Germany, the G20, and Inclusive Globalization

BERLIN – Globalization is getting increasingly bad press in the West nowadays. Populist movements allege that it does not benefit the average citizen very much, if at all. Instead, they tout protectionism and unilateralism. National policies, whether with respect to trade or financial regulation, are seen as the surest way to restore national greatness.

But this populist agenda is based on the deeply flawed premise that international cooperation and international trade are zero-sum games, producing only winners and losers. In fact, cooperation and trade can deliver benefits to all countries. For many years now, they have increased global security and certainly global prosperity, with hundreds of millions of people lifted out of poverty, both in the developed and the developing world.

To be sure, globalization needs rules and a recognized framework to ensure that it benefits everybody, delivering sustained and inclusive economic growth. As with national legislation, it is a framework that requires constant adjustments. But to abandon it altogether and retreat from globalization is the wrong answer. On the contrary, we should be seeking ways to deepen and broaden international economic cooperation.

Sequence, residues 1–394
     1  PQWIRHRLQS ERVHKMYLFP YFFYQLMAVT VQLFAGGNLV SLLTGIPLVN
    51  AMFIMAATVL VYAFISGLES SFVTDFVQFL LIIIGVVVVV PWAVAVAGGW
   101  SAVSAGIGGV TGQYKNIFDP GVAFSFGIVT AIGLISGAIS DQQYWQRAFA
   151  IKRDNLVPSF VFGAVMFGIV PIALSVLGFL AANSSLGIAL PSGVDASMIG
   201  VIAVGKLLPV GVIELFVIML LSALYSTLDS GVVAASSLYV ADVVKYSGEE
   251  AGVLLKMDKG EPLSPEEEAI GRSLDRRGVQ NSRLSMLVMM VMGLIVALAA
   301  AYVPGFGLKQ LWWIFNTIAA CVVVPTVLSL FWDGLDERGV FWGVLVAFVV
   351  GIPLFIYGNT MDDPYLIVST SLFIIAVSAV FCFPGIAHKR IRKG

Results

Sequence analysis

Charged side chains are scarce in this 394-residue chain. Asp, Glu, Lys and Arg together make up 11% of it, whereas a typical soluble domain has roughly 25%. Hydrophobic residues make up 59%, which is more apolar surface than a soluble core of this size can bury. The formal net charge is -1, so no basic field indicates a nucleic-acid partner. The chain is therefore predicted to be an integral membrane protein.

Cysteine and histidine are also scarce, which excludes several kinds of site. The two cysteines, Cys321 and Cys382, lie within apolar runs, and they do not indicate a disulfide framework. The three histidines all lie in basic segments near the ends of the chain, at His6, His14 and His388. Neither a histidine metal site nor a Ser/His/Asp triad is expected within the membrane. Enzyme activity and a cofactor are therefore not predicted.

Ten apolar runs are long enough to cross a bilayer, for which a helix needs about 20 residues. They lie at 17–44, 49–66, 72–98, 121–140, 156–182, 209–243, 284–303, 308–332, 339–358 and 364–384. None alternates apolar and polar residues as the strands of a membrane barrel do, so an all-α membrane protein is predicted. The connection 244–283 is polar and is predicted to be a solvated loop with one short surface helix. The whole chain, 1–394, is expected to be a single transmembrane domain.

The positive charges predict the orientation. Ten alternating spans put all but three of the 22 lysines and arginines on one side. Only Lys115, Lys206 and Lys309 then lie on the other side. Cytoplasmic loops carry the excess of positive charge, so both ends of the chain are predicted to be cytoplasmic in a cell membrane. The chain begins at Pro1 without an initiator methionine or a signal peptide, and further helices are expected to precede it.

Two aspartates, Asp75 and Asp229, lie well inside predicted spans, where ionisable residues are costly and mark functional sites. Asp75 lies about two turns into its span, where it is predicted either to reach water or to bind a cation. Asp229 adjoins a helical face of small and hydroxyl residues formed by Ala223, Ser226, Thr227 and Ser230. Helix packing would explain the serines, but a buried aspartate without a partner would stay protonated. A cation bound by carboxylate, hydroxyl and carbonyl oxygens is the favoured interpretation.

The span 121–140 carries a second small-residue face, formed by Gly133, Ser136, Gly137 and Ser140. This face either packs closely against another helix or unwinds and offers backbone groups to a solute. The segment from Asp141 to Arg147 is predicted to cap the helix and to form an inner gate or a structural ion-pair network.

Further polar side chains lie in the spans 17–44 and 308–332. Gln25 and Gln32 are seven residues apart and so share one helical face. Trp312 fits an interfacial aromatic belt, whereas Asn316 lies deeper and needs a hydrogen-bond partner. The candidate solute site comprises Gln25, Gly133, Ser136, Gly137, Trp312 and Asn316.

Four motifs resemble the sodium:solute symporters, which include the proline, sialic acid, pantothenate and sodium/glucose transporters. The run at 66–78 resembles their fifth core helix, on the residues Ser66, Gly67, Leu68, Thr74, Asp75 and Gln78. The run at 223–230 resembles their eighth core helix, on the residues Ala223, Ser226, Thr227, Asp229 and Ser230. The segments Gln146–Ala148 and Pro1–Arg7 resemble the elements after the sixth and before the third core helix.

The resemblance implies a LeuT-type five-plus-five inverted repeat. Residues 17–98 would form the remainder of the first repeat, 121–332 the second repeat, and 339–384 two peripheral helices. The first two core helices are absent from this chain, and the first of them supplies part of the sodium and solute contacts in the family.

In my view, the G20 is the best forum for increased and inclusive cooperation. Of course, the G20 is not perfect, but it is the best institution we now have for achieving a form of globalization that works for everyone. Through it, the world’s main industrialized and emerging countries have worked together toward constructing a shared global order that can deliver increasing prosperity. Indeed, the G20 is the political backbone of the global financial architecture that secures open markets, orderly capital flows, and a safety net for countries in difficulty.